JERUSALEM -- Since reports surfaced of an apparent chemical attack outside Damascus, Israeli leaders have called for an American response, both on moral grounds and as a warning to Iran over its nuclear program. But on Sunday, after President Obama said he would delay a military strike to obtain Congressional approval, a new message emerged from Prime Minister Benjamin Netanyahu's government: Do not say anything.
Israel's ministers of defense and international affairs, who spoke out repeatedly last week, stayed silent on Sunday. Another member of Israel's security cabinet canceled a news briefing scheduled for Monday, citing the delicate situation. Mr. Netanyahu himself issued a brief, bland statement saying Israel was "calm," "self-assured" and "prepared for any scenario" before moving on to innocuous matters like wishing the world's Jews a "good and blessed year."
Behind closed doors, Mr. Netanyahu told his cabinet on Sunday that the situation was "evolving," with "delicate matters" that he was managing "with discretion and responsibility," and warned: "There is no room for private statements."
"I ask that you not act without consideration and irresponsibly toward our ally in order to capture a moment of glory," Mr. Netanyahu said, according to someone who was there and spoke on the condition of anonymity. "These statements do not serve the citizens of Israel."
Israel has a great deal at stake in the American debate. Beyond the threats by Syria and its allies that they would retaliate against Israel for an American strike, Israel is gravely concerned about America's waning influence in the Middle East. Israel sees Syria as a test case for Mr. Obama's credibility in enforcing "red lines," given his promise to prevent Iran from developing a nuclear weapon.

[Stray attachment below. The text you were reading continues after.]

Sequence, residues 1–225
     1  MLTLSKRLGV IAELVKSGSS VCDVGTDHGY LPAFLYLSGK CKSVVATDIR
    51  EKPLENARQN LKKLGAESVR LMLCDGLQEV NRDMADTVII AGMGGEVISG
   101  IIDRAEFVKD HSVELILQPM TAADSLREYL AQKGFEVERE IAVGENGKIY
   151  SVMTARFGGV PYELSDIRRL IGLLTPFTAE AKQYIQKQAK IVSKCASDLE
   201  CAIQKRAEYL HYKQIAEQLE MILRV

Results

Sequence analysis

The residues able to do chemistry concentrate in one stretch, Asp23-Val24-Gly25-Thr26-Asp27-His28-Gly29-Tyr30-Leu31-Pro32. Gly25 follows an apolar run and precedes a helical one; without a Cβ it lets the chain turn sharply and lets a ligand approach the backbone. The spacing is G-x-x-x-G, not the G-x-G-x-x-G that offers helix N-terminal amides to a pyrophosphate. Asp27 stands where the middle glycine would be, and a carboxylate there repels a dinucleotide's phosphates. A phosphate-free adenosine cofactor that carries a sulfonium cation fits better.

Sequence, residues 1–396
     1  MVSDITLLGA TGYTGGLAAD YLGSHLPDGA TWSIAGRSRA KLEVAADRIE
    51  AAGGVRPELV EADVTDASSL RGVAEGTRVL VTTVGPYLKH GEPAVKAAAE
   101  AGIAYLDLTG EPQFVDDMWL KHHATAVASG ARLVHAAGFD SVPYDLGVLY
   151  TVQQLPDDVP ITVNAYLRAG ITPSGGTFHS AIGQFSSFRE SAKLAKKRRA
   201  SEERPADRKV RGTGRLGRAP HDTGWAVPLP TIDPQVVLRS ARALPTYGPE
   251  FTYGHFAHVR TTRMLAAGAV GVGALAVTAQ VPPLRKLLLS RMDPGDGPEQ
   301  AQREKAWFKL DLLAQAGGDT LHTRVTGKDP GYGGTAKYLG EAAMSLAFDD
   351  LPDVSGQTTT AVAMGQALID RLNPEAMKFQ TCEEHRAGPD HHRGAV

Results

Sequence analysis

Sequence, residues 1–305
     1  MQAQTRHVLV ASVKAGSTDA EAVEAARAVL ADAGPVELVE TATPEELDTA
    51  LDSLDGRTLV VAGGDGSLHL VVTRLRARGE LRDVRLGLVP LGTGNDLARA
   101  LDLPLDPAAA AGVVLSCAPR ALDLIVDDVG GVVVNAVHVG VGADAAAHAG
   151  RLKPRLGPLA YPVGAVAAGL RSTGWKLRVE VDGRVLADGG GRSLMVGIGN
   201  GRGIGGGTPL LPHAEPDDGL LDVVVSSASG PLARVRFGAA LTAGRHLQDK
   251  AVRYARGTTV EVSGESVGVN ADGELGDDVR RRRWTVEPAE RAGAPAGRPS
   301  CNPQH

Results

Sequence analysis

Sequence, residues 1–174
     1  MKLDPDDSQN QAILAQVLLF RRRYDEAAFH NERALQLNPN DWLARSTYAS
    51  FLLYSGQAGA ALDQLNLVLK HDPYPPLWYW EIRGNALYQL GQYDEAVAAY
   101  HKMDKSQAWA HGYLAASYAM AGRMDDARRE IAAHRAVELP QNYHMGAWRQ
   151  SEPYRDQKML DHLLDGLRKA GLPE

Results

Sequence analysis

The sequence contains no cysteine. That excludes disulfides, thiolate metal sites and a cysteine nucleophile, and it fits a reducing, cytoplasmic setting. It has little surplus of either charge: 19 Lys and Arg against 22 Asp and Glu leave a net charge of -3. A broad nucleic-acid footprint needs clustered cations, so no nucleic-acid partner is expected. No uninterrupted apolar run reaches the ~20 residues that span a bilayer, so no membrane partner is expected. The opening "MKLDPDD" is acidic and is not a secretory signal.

At the same time, Israel has a powerful American lobby with bipartisan strength that could be uniquely positioned to help the White House shore up support in Congress.
Yet there were no outward signs on Sunday that Israel would attempt to influence the outcome, and numerous experts on the Israel-American relationship said it would be deeply dangerous to try.
"It would be a mistake to overplay the Israeli interest," said Itamar Rabinovich, who was Israel's ambassador to the United States and also its chief negotiator with Syria in the 1990s. "It's bad for Israel that the average American gets it into his or her mind that boys are again sent to war for Israel. They have to be sent to war for America."
Another former ambassador, Sallai Meridor, who served in Washington during the Iraq war, said Israel should share its analysis but not give advice, particularly if the debate breaks along party lines, as often happened during the Bush years. "The line may be hard to see, but you know if you crossed it," Mr. Meridor said. "For a small nation like Israel, bipartisan support is a strategic asset."